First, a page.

Wendy Reuer, Published May 19 2012
Moorhead moves forward with more home buyoutsMOORHEAD – After receiving more than half of the flood mitigation funding the city had hoped for, officials here are moving forward with more voluntary buyouts along the Red River.
As part of the 2012 Minnesota Legislature’s bonding bill, about $30 million was allocated to the Department of Natural Resources for flood mitigation projects across the state. Of that, $11.5 million will go to the city of Moorhead.
City Manager Michael Redlinger said the city will use the money to finish out the permanent flood mitigation plans it started last fall.
The plans are split in phases: a base plan and phases A through F. Initial phases targeted the lowest areas of the city working from north to south to buy out owners of property voluntarily or help build backyard flood mitigation projects. Letters were sent last year to homeowners in phases base through C.
Redlinger said now that the DNR has granted the funding, letters requesting voluntary buyouts or cost sharing of backyard mitigation in phases D through F will be sent this week. He estimated about 50 more homes may be voluntarily bought out.
The DNR grants flood mitigation funding to cities that can match the amounts. The percentage of the match is based on the city’s population.
Mayor Mark Voxland said last week that the city over-bonded in the fall in anticipation of this funding.
So to finish the phases, the city will not have to kick in more property tax dollars.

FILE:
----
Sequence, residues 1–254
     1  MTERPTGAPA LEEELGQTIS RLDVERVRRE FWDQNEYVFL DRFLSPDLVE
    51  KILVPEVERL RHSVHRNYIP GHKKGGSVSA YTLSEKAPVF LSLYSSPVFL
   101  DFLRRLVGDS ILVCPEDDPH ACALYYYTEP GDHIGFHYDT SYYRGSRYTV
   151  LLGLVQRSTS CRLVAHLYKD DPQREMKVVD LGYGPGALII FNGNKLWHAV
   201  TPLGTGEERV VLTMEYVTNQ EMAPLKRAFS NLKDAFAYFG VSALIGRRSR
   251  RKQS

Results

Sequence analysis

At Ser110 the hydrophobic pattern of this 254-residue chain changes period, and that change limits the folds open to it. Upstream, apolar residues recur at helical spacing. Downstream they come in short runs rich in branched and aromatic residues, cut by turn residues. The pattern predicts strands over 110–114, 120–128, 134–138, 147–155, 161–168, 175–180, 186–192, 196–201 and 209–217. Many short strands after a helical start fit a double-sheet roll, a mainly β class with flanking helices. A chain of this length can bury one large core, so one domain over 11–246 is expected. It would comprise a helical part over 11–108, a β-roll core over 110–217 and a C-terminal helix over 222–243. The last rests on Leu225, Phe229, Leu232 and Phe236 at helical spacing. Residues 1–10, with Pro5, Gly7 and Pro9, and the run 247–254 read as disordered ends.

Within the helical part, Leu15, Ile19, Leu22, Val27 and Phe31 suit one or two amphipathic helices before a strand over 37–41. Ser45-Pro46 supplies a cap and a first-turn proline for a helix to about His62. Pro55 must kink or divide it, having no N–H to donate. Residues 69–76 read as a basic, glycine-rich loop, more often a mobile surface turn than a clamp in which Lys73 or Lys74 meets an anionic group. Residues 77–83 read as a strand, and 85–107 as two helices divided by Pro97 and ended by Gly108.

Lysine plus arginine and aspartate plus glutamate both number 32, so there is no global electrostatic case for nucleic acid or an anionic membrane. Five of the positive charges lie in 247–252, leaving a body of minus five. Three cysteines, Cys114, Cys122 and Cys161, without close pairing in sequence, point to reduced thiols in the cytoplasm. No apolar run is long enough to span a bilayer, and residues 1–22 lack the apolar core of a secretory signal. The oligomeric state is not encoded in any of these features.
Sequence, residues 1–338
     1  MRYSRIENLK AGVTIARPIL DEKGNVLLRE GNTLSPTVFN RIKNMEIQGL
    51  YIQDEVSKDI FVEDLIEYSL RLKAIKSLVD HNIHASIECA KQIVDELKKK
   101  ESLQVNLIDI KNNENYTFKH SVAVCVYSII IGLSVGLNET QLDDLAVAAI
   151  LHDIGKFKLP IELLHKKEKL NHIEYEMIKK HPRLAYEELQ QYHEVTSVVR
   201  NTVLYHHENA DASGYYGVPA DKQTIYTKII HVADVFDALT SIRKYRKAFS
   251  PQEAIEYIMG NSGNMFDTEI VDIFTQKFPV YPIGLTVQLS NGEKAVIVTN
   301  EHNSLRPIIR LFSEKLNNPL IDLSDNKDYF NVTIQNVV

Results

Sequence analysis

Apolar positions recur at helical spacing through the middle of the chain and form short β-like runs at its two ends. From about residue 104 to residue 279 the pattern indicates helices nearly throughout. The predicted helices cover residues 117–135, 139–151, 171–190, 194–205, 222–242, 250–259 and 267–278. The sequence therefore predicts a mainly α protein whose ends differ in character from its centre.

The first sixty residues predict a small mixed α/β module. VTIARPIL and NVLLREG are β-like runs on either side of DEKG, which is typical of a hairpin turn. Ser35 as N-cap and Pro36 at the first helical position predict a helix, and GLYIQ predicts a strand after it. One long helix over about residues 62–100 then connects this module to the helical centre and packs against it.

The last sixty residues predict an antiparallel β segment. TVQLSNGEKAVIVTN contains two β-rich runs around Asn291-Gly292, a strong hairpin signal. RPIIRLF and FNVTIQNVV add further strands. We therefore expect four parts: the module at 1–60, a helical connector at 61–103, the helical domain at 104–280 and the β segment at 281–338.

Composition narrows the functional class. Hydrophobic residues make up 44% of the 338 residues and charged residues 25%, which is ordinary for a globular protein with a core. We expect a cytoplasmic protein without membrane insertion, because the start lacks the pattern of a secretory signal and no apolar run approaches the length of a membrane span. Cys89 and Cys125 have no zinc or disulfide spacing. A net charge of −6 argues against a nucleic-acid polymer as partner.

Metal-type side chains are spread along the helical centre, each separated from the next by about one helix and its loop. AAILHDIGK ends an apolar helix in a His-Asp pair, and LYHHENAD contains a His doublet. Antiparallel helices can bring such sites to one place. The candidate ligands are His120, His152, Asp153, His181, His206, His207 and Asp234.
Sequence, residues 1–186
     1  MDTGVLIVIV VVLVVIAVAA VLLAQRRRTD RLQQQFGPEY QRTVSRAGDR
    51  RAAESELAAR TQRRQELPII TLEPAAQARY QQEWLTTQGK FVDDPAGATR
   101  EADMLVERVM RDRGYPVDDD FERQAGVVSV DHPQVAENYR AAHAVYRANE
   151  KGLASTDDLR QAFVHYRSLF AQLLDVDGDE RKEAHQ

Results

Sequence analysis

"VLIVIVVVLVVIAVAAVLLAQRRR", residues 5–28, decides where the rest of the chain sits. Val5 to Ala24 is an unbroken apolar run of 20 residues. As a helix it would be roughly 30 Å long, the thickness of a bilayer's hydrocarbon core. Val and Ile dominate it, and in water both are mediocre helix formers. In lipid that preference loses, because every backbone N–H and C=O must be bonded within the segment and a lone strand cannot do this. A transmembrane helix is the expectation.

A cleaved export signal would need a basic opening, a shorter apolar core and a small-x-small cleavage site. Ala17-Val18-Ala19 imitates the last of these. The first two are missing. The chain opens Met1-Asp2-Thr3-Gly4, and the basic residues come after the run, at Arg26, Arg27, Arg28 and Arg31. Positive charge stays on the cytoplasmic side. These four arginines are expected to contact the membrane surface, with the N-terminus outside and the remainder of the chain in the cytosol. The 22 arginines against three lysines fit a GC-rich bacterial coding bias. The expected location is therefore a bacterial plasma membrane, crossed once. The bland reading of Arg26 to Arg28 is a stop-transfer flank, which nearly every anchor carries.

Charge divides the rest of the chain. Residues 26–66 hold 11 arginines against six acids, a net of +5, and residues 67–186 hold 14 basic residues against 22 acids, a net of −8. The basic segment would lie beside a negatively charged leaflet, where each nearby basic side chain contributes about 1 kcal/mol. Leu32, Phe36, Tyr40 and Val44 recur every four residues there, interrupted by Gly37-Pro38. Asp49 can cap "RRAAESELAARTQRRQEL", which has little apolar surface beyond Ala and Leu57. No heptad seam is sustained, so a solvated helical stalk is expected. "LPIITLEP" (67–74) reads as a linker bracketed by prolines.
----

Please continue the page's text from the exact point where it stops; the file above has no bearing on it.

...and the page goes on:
“We did that because we wanted to get this project done,” Voxland said.
He added that the city will likely target future legislative bonding bills for the remaining $8.5 million.
“We had a $20 million request, so it is a significant portion of the request,” Redlinger said.
While city officials are very happy with the flood mitigation money, they were neither disappointed nor surprised when Gov. Mark Dayton signed the tax bill that keeps Local Government Aid funding flat in 2013 from 2012.
The Moorhead council grappled with the 2012 budget after experiencing heavy cuts in LGA since 2009, a more than $1 million reduction to the city.
“LGA has gotten to be such an interesting thing to watch,” Voxland said. “I would say it’s great if they did anything with it; they left it alone. Given (the state) is in a deficit, it’s as much as we could hope for.”
Dilworth City Administrator Ken Parke said last week that Dilworth will also receive about the same amount of LGA next year as it did in 2012. Parke said it looked as though the city would lose more LGA next year, so staying flat was a pleasant surprise.
Although both cities were pleased with not having to face cuts to LGA, the tax bill did not include construction incentives Moorhead had heavily lobbied for.
Dayton vetoed the first tax bill that would have included property tax exclusion on the first $200,000 spent on the construction of new homes in Moorhead and Dilworth. That would have matched a similar clause across the border in Fargo. Voxland said he will work to advance that again next year.
“That’s going to be something that I feel is going to be problematic for us,” Voxland said. “It’s not going to help our building trades. That’s the biggest downside I saw.”
Have a comment to share about a story? Letters to the editor should include author’s name, address and phone number. Generally, letters should be no longer than 250 words. All letters are subject to editing. Send a letter to the editor.
Readers can reach Forum reporter Wendy Reuer at (701) 241-5530